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Platform

Wii

 

Genre

Extreme Sports

 

Publisher

Electronic Arts

 

Developer

EA Montreal

 

ESRB

E (Everyone)

 

Released

February 27, 2007

 

 

- “Maestro” controls work better than one might expect to orchestrate uber tricks

- Somewhat cel-shaded, pastel-colored visuals will impress

 

 

- Levels not much different from any others in previous SSX iteration

- The easily frustrated gamer will be just that early on trying to adapt the unique “maestro” controls to translate into success on the slopes

 

 

Review: SSX On Tour (PS2)

Review: SSX Tricky (XB)

Review: Tony Hawk's Project 8 (360)

 

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SSX Blur

Score: 9.0 / 10

 

Much like flying down a snow-covered mountain on a pair of skis or snowboard, experiencing something new and innovative in gaming for the very first time is always exhilarating. SSX Blur, a Wii exclusive, isn’t much different in its overall design and gameplay than earlier versions of the snowboarding and skiing franchise, including last year’s SSX On Tour.

 

ssx blur          ssx blur

 

But the truly novel motion-based control setup of SSX Blur, utilizing both the Wii Nunchuk and Wiimote simultaneously in a creative fashion will turn you into a snowboarding and skiing maestro. You’ll soon be orchestrating an extreme sporting adventure with the defining gameplay of the over-the-top SSX franchise: flying through frosty aerial tricks over snowcapped hills with signature uber tricks.

 

Unfortunately, before you can really enjoy that glacial sensation of mountainside gratification, you’ll have to spend time learning the precision touch it takes to successfully grasp (with two hands) the control schematic. At first, SSX Blur’s controls are completely confusing, as guiding your snowboarder/skier with the

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Nunchuk while concurrently waving the Wiimote around, similarly to an orchestra’s maestro directing beautifully harmonious music, will require training when it’s time to pull an aerial uber trick.

 

These uber tricks are the very heart of SSX Blur’s move system, and to perform them, you’ll first have to collect the uber trick icons that are lying throughout the many stages of SSX

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Blur in the “free-ski” mode that allows you to select your gaming options and what event you’ll next compete in.

 

To pull off the uber truck moves, you need to wave your Wiimote in a pattern (such as a Zorro “Z”) consistent to a corresponding uber trick. Other icons throughout the levels act as score multipliers, especially necessary when you’re taking on a score challenge. The more uber trick icons you collect, the more uber tricks available to you, the more opportunity you have to garner higher scores and win races. Twisting and twirling in a physics-defying manner is the trademark of SSX titles and totally classifies this EA Big extreme gaming series as the penultimate in snowboarding/skiing gaming. As a whole, SSX Blur is utterly amazing in its use of the Wii’s distinguishing controllers.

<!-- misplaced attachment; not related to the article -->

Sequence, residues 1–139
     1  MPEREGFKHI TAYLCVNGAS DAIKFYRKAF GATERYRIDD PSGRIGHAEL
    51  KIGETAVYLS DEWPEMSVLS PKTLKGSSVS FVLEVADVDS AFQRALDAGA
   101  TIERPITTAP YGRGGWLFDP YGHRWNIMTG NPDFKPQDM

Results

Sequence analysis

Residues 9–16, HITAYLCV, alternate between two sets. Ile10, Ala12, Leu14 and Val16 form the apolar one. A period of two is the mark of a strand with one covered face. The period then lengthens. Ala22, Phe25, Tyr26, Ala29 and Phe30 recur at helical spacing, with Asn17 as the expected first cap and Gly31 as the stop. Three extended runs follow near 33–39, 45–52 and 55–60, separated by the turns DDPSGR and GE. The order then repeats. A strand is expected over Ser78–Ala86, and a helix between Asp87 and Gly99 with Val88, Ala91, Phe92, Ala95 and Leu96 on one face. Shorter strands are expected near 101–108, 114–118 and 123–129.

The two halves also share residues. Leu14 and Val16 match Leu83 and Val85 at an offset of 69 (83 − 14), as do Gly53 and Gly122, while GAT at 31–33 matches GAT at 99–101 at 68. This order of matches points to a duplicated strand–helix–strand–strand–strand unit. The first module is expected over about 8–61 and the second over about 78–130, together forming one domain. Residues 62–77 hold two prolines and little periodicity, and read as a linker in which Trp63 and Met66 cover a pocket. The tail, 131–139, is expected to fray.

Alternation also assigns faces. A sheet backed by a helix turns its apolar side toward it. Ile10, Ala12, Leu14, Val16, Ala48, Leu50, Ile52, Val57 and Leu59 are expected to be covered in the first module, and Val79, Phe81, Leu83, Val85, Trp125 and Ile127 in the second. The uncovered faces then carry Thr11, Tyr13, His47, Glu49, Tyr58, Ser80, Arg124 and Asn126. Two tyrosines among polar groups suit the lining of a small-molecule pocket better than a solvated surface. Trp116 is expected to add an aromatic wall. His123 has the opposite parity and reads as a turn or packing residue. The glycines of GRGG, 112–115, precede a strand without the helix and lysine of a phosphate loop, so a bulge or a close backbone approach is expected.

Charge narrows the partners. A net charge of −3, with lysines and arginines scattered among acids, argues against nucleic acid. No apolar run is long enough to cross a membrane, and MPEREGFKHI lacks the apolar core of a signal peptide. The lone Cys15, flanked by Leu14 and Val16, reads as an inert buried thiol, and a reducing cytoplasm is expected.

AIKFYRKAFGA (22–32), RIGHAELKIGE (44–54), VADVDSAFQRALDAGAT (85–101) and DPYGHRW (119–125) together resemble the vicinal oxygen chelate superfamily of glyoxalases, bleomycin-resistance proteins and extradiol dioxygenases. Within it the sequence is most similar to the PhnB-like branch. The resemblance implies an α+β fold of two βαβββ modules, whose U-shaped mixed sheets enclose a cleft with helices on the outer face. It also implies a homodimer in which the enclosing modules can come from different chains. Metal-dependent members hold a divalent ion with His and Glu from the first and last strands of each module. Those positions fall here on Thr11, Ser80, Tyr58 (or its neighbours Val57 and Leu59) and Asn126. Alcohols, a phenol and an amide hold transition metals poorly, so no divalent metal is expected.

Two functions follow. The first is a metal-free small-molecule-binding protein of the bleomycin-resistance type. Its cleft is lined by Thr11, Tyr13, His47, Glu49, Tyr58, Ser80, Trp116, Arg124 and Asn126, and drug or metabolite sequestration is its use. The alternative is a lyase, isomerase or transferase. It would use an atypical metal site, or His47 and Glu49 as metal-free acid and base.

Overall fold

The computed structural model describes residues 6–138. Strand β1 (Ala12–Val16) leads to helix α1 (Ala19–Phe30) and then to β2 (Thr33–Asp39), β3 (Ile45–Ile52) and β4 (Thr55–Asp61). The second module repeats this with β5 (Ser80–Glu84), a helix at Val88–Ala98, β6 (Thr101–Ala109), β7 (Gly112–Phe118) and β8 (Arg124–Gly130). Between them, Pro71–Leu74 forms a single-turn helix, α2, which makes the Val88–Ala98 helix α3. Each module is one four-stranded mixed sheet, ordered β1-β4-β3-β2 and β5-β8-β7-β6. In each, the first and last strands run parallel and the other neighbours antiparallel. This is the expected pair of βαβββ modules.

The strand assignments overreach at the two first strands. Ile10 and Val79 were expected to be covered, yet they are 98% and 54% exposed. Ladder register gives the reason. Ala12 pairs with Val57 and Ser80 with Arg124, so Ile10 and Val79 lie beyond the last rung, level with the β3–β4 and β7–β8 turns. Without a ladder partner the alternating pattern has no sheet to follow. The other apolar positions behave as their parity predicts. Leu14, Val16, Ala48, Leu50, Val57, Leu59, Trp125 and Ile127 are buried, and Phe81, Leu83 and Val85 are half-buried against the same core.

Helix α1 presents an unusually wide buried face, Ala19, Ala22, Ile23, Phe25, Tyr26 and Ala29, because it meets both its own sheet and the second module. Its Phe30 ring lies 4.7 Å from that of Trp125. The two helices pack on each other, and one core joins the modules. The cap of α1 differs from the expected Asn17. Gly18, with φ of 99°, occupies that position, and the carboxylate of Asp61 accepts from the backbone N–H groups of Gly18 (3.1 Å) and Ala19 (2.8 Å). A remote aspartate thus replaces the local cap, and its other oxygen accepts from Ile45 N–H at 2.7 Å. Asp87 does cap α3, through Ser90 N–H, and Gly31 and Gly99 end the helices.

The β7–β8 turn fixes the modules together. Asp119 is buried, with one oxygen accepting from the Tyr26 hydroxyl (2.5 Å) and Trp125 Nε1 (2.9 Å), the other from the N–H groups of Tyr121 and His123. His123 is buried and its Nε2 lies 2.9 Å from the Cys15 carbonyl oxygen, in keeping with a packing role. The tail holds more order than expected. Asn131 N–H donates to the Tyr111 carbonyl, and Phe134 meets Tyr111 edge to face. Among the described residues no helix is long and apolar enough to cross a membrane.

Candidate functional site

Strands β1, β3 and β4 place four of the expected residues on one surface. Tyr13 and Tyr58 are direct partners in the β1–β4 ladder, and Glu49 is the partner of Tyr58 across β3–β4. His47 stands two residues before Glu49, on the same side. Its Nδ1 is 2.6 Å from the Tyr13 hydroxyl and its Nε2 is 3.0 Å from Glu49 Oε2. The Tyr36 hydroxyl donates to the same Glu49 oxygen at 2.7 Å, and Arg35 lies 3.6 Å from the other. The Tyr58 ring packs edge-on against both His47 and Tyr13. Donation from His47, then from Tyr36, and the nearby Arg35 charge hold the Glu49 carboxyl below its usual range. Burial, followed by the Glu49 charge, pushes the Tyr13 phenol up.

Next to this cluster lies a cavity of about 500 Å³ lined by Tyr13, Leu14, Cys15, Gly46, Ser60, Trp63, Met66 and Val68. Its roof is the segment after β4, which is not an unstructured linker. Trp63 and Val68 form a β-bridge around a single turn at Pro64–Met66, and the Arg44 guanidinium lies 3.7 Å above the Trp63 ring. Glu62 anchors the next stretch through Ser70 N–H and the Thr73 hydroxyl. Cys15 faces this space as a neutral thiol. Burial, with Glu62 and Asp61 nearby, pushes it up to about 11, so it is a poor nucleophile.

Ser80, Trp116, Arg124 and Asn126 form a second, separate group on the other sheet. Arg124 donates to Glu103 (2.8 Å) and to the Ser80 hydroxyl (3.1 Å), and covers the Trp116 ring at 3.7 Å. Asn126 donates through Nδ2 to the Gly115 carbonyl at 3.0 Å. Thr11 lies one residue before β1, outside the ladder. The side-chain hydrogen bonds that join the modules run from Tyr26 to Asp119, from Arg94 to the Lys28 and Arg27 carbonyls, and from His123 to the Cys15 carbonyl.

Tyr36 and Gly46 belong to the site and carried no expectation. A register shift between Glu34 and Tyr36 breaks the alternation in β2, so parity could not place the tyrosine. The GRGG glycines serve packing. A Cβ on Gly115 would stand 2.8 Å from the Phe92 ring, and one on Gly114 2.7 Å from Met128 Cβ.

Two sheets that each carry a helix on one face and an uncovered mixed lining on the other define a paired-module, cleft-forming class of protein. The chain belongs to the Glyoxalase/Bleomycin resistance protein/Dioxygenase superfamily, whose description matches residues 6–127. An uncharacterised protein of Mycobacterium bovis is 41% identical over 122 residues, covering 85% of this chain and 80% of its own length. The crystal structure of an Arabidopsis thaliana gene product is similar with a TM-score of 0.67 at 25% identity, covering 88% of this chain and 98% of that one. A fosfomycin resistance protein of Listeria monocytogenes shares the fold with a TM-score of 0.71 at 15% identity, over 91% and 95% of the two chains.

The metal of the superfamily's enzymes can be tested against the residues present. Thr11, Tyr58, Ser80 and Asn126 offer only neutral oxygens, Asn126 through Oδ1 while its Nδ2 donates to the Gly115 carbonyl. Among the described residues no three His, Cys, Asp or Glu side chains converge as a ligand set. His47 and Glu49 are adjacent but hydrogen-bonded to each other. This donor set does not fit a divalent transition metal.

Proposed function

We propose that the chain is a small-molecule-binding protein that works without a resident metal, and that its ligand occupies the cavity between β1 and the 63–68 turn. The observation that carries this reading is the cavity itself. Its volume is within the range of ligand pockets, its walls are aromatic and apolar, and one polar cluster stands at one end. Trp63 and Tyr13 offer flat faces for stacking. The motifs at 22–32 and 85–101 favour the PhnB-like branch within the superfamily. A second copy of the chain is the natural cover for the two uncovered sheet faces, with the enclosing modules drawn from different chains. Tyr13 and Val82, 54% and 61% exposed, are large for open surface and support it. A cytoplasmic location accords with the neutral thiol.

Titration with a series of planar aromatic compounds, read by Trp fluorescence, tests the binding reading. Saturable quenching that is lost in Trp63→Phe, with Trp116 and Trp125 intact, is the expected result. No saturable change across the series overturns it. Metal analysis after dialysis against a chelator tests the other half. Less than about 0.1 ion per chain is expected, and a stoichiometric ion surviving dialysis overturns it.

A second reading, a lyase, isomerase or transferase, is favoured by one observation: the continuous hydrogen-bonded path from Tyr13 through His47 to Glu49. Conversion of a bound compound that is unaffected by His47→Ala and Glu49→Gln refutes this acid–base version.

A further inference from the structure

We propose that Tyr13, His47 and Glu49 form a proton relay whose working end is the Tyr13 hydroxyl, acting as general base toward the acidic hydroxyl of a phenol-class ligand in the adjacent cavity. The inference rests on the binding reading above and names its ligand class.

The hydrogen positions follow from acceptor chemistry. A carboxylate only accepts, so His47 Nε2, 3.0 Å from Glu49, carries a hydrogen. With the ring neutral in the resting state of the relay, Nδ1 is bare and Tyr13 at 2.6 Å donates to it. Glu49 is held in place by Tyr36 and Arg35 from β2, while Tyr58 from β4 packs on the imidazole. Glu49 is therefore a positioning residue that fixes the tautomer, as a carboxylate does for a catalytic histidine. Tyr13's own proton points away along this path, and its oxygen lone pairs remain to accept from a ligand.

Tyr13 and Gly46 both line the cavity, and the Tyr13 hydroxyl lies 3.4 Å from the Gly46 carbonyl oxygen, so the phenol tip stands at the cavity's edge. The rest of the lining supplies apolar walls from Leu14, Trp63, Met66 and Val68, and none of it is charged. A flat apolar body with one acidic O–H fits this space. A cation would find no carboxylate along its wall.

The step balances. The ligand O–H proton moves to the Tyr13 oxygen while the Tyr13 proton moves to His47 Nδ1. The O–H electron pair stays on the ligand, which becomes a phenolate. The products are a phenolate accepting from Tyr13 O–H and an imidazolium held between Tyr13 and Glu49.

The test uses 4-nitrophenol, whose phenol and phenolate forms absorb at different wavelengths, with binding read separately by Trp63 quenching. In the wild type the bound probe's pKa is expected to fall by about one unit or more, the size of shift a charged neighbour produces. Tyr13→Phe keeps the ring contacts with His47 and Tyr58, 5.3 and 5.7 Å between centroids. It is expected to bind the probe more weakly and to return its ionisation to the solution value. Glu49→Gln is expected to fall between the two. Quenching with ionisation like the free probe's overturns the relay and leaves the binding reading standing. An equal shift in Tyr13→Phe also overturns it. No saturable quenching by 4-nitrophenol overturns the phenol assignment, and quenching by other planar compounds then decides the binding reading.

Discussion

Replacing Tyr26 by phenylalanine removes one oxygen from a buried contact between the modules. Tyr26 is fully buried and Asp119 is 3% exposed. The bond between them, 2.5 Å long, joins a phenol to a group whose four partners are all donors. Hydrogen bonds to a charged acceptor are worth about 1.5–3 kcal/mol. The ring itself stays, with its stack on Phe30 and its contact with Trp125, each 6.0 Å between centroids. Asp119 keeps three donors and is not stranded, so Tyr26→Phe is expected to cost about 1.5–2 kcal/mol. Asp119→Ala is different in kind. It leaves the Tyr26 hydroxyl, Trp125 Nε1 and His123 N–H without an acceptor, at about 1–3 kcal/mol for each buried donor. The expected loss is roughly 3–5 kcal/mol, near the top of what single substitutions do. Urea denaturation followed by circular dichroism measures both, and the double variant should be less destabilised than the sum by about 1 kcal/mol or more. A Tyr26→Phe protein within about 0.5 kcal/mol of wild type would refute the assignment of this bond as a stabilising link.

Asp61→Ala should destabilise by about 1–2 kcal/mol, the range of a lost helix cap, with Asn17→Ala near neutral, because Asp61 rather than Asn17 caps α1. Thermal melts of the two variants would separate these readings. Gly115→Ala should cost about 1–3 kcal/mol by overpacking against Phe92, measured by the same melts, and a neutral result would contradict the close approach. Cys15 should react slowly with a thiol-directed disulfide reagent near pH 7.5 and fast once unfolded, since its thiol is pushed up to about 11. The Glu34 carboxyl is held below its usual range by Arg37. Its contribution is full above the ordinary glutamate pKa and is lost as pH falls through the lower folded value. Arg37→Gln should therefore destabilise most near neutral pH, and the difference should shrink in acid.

Music has always been a big part of any EA Big game, and SSX Blur’s no exception. The music interacts with your gameplay, so as long as you’re pulling off tricks and sliding down the mountain without bailing out or crashing, the song keeps on grooving with your moving, giving you increased speed and air for your jumps. However, SSX Blur’s tunes can get annoying if you happen to hit a rough stretch of stumbling and bumbling, because it will constantly rewind back to the beginning of the song.

 

ssx blur          ssx blur

 

Returning are familiar SSX characters from previous games, with Mac, Allegra and Kaori among others, if you happen to remember any of theses characters in the first place. (I honestly couldn’t.) There are three peaks that contain 12 tracks, with the signature big jumps and huge ramps that SSX has always had. There’s nothing to really differentiate the peaks and tracks of SSX Blur from other SSX games, but as always they provide plenty of opportunity for extreme snowboarding/skiing entertainment.

 

It’s not just the controls that will eventually impress gamers. Despite being a Wii-only game, SSX Blur sports some mighty high-flying graphics that wouldn’t totally be out of place on Xbox 360 or PS3. That’s not to say that SSX Blur provides eye candy on par with Gears of War or MotoStorm, but its somewhat cel-shaded, pastel-colored visuals are very well rendered and along with some breathtaking turbulence-left-in-your-wake speed effects leave an absolutely cool eye-catching impression.

 

SSX Blur is a icy blast of refreshingly cool gaming, as you shred down snowy slopes with a Wii Nunchuk in one hand and a Wiimote in the other, watching the wintry scenery blur right by at an extreme speed.

 

- Lee Cieniawa

lcieniawa@armchairempire.com

(April 2, 2007)

 

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